Did we do it again or did we do it again! We said in this very space on a couple occasions that San Francisco could be a buyer of Pacific Bankrupt Gas & Electric’s assets, well the city has hired a prominent investment banker from Jefferies LLC to assist in exploring buying the assets. When you hired a firm like Jefferies you are very serious. The fee’s charged by this prestigious firm are so high a credit card company would be jealous.
While nothing is final, I would say the assets the City wants are as good as sold since PG&E needs cash to pay off its fire liabilities in both the Bay Area and “Paradise”.
The San Francisco Public Utilities Commission said on Tuesday it has hired an adviser to explore the potential acquisition of PG&E Corp’s distribution assets, sending shares of the power company up 2.6% at $18.37.
San Francisco city hires adviser to explore potential acquisition of PG&E assets
San Francisco has hired Jefferies LLC as buy-side financial adviser, the utilities commission’s Press Secretary Will Reisman told Reuters in an e-mail statement.
In some ways this makes sense. The City can keep the rates cheap as it won’t have to subsidize rural areas. The lines are almost entirely underground so fire liability is essentially nil. The City desires to be greenhouse gas free in the near future, so I guess it reduces fossil fuel reliance.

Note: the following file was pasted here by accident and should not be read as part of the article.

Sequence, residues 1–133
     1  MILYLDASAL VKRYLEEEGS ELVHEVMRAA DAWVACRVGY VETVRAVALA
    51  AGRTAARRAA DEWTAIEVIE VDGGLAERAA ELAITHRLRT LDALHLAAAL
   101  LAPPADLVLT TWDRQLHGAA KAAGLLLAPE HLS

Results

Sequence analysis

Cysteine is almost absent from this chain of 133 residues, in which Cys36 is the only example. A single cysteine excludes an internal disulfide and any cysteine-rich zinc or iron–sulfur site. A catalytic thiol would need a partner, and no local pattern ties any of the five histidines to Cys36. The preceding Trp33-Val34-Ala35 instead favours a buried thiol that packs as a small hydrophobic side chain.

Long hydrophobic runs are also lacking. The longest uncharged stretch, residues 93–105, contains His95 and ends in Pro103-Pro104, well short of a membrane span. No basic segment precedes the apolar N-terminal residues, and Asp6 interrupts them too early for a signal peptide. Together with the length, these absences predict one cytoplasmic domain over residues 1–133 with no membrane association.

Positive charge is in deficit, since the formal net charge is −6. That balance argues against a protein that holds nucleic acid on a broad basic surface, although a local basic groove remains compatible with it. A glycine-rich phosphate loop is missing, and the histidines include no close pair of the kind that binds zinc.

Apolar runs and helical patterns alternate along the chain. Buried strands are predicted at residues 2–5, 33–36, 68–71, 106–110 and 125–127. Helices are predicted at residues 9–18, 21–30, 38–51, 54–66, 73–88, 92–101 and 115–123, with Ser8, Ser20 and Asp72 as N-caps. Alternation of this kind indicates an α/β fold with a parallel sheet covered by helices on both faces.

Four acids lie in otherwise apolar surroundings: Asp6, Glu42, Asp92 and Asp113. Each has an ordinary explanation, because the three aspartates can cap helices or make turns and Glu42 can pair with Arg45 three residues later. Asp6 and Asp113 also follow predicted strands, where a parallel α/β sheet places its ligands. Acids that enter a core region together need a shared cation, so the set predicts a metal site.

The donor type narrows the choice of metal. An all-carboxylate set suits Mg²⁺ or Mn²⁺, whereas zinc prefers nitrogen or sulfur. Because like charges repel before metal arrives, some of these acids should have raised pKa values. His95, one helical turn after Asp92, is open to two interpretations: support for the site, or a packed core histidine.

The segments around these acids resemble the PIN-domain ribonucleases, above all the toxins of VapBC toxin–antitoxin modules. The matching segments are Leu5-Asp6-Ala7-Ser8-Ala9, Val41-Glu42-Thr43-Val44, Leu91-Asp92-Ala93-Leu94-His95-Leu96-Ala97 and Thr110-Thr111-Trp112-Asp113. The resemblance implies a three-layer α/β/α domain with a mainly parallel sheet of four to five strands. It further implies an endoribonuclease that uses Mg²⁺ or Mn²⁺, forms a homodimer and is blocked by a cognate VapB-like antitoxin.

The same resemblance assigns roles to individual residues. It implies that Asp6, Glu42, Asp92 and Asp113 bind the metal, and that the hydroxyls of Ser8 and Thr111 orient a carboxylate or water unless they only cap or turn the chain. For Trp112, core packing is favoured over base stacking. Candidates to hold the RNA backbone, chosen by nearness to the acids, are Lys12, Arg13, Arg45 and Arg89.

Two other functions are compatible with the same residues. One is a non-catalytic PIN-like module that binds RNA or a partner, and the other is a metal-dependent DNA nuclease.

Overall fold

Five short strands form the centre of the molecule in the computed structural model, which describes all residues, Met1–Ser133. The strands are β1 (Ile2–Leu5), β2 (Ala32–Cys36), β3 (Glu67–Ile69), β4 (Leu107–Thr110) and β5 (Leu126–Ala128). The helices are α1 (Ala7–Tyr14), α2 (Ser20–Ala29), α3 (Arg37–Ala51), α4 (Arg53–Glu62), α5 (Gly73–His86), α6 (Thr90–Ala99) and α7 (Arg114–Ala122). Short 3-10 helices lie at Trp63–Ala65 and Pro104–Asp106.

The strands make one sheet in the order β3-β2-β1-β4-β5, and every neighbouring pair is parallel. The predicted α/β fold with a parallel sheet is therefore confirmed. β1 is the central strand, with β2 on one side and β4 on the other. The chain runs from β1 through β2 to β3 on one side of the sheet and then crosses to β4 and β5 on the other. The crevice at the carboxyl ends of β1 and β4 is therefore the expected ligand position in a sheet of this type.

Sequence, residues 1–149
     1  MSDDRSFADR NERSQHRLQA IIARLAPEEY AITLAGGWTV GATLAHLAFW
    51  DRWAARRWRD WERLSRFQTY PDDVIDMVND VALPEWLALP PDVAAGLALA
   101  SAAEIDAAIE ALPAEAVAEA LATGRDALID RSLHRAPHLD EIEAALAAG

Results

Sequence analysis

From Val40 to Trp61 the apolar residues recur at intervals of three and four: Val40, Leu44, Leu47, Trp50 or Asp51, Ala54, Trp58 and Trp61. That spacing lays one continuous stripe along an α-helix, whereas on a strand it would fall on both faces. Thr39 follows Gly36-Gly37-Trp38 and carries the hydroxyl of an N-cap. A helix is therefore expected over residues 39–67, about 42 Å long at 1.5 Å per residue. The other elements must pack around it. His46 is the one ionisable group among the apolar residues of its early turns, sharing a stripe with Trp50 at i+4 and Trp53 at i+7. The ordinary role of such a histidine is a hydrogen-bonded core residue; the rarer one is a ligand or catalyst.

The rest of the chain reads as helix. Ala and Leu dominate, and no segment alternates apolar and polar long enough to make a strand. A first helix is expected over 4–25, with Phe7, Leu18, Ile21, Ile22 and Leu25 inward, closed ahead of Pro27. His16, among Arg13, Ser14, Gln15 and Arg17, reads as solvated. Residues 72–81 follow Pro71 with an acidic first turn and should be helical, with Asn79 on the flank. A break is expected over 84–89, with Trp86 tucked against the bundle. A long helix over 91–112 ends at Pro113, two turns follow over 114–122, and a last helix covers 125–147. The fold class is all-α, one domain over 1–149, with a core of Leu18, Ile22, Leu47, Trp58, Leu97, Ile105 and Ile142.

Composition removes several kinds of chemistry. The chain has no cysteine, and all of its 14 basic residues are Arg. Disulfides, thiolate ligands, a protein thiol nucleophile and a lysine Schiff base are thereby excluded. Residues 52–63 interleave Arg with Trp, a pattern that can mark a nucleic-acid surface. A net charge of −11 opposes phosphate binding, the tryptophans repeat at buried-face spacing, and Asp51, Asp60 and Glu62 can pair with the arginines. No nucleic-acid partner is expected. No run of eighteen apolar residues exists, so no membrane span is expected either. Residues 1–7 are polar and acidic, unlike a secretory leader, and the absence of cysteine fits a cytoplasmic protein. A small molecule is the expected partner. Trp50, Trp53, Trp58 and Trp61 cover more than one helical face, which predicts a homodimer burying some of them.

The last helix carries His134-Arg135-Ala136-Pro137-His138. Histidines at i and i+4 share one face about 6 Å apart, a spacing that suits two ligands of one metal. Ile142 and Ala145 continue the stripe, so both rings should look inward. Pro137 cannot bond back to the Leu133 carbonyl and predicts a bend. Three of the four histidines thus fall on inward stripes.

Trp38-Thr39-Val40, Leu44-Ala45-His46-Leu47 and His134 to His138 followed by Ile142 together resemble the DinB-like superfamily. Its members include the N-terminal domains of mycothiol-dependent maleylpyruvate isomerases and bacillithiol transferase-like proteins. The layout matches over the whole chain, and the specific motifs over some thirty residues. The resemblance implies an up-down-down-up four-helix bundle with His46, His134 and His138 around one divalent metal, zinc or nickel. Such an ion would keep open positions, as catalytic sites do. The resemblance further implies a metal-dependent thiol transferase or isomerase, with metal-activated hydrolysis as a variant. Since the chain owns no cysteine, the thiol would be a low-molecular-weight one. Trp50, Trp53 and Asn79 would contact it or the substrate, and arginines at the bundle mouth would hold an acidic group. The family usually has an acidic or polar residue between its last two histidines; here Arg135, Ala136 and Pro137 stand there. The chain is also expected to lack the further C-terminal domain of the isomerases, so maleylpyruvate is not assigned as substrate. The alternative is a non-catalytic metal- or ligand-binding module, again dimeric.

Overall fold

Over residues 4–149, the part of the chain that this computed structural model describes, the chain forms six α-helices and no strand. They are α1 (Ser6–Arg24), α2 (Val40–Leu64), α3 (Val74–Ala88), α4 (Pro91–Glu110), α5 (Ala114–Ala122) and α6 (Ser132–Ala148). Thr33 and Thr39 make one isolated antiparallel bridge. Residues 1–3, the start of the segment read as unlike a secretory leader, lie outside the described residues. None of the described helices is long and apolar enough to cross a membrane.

Bloggers note: What fossil fuel plants are left here? However the burning question is how will they generate power? In a post Enron era would you really want to rely on an out of area producer? A jilted PG&E who you bought the assets on the cheap from? Sun? Water? Wind? Waves? Biomass?
I guess being able to sell the masses on lower rates and “transparency” makes sense in some ways but I don’t see the end game here. Additionally as discussed here, the infrastructure is very old, outdated and more saliently what exactly does the City think its purchasing? Wires and pipes underground are very easy to maintain, you just ignore them until there is an issue, but how old are these pipes and wires and are we sure we know where they are buried? What if the “big one” finally happens? Is this really the liability I would want to take on as a city? Well I suppose if you want lower rates.
I guess Rahm Emanuel was onto something when he said, “Never let a good crisis go to waste”, but I just don’t see this penciling out.
In a way I feel bad for the ratepayers in San Francisco. While SMUD may not be perfect, I wouldn’t want any PG&E assets within a 90 mile radius of my house.